Install "fireworks" in clients’ yards

Updated Jul 1, 2024

Firework Flower TLCFireworks are bright, colorful, and eye-catching, to say the least. Why should plants be any different?

While you wouldn’t want to install explosive flowers in your client’s yard, you can give them a little patriotic style with plants named after these light shows.

To celebrate the Fourth of July tomorrow, here are some foliage fireworks.

Burgundy Fireworks Coneflower
Echinacea ‘Burundy Firworks’ P.P.A.F.
This flashy coneflower from Monrovia has vivid beet-red, quill-like ray flowers. Flowers are huge and long-lasting on stout burgundy stems above glossy foliage. Compact and vigorous. Stunning perennial color for beds, borders, wild gardens and containers. Herbaceous.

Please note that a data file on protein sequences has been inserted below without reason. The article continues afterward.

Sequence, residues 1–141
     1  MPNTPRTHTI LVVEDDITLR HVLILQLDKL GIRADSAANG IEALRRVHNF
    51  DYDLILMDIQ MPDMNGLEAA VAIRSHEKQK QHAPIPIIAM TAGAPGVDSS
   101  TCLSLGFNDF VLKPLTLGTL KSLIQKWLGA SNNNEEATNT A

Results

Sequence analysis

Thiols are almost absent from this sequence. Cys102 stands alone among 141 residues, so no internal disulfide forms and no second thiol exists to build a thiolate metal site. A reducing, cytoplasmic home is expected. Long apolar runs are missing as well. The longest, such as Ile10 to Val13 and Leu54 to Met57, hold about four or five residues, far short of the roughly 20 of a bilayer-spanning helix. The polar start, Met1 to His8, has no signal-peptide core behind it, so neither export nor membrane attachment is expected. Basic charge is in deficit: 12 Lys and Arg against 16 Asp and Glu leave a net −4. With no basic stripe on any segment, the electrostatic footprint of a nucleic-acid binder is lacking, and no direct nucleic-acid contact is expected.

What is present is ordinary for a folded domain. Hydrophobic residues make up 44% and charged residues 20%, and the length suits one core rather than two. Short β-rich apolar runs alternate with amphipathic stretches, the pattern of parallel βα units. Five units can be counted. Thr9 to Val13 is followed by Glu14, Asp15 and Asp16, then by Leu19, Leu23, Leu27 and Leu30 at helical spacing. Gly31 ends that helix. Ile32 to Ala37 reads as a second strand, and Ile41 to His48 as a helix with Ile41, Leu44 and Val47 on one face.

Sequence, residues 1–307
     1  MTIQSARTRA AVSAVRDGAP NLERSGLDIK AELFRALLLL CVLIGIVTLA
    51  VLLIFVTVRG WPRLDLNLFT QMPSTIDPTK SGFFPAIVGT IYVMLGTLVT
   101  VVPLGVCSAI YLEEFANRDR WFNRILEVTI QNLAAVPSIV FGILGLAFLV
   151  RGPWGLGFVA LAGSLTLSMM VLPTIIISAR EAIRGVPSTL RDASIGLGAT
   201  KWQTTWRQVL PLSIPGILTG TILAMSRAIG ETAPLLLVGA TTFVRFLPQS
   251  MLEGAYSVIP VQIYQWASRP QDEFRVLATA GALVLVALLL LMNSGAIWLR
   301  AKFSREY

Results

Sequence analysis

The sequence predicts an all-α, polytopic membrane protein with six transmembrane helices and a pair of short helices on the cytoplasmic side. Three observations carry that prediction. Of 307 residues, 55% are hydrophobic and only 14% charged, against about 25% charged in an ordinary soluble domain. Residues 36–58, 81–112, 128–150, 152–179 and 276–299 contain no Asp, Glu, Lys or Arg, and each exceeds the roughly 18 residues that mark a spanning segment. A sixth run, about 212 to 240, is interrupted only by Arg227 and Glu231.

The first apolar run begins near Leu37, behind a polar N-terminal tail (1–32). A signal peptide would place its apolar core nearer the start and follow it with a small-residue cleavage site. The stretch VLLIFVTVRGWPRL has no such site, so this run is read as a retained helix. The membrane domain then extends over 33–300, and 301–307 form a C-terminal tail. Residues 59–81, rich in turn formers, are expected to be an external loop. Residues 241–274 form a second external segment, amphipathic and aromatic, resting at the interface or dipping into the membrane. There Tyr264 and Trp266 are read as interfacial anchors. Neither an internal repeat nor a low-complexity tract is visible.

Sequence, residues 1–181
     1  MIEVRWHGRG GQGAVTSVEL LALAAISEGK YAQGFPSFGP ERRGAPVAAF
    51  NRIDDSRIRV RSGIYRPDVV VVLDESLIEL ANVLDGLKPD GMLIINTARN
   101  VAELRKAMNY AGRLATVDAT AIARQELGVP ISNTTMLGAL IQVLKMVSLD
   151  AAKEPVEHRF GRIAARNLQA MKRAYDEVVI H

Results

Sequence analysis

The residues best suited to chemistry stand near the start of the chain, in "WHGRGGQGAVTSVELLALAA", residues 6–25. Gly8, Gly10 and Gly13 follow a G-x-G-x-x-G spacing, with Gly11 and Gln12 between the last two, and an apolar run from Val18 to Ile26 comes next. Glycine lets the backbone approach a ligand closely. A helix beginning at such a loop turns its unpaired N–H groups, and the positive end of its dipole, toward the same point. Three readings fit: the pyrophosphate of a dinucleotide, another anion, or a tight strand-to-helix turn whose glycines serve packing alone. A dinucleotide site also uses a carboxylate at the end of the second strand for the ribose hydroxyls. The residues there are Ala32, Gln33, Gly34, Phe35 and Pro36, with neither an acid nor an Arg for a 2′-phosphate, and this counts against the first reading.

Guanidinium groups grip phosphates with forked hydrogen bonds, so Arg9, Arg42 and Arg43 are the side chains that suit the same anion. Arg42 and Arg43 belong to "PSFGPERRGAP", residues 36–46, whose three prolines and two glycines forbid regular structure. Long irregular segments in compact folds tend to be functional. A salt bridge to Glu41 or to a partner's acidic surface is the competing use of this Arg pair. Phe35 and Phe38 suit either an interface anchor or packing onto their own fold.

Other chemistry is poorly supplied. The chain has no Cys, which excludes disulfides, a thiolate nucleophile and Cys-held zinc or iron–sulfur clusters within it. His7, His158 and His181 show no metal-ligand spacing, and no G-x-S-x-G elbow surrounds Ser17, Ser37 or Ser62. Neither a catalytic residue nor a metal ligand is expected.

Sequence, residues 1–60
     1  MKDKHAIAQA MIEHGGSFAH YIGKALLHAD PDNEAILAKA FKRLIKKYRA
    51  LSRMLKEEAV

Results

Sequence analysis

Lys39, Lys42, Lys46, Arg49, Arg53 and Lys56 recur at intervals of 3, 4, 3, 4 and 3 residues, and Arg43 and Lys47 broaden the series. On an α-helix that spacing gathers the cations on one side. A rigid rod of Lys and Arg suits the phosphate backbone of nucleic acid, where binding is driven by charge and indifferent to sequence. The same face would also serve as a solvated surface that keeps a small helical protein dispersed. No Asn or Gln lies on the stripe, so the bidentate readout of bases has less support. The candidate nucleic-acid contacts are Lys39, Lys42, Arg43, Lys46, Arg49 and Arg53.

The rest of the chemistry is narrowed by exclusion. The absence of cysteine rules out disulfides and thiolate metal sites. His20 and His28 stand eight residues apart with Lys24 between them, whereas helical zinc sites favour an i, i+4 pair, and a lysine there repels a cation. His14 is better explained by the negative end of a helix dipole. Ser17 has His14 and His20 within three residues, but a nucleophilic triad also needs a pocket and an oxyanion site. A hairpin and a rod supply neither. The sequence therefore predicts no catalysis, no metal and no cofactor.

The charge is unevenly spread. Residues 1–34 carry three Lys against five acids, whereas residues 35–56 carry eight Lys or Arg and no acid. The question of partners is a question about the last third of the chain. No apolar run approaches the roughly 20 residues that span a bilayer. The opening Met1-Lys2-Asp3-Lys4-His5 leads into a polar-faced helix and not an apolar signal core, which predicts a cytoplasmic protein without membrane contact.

Photo Credit: Chicago Botanic Garden
Gomphrena Fireworks
Burpee’s plant grows to form a full, dense, landscape specimen, eventually reaching up to 3 to 4 feet tall and 1 to 2 feet wide. Tons of strong, tall stems are topped with exploding bursts of full, large 1-inch blooms in hot pink tipped with bright yellow. A showstopper in the garden and a conversation piece when cut for a mixed bouquet.
Fireworks Fountain Grass
Monrovia’s colorful, upright growing grass has variegated stripes of white, green, burgundy and hot pink running the length of the blade. Purple tassles appear in summer. Plant as a specimen or in mass for a stunning display of color. A great addition to containers and beds near patios or decks.
Photo Credit: Saul Brothers
Monrovia Grass 


The Attachments Idea Book
Landscapers use a variety of attachments for doing everything from snow removal to jobsite cleanup, and regardless of how often they are used, every landscaper has a favorite attachment.
Attachments Idea Book Cover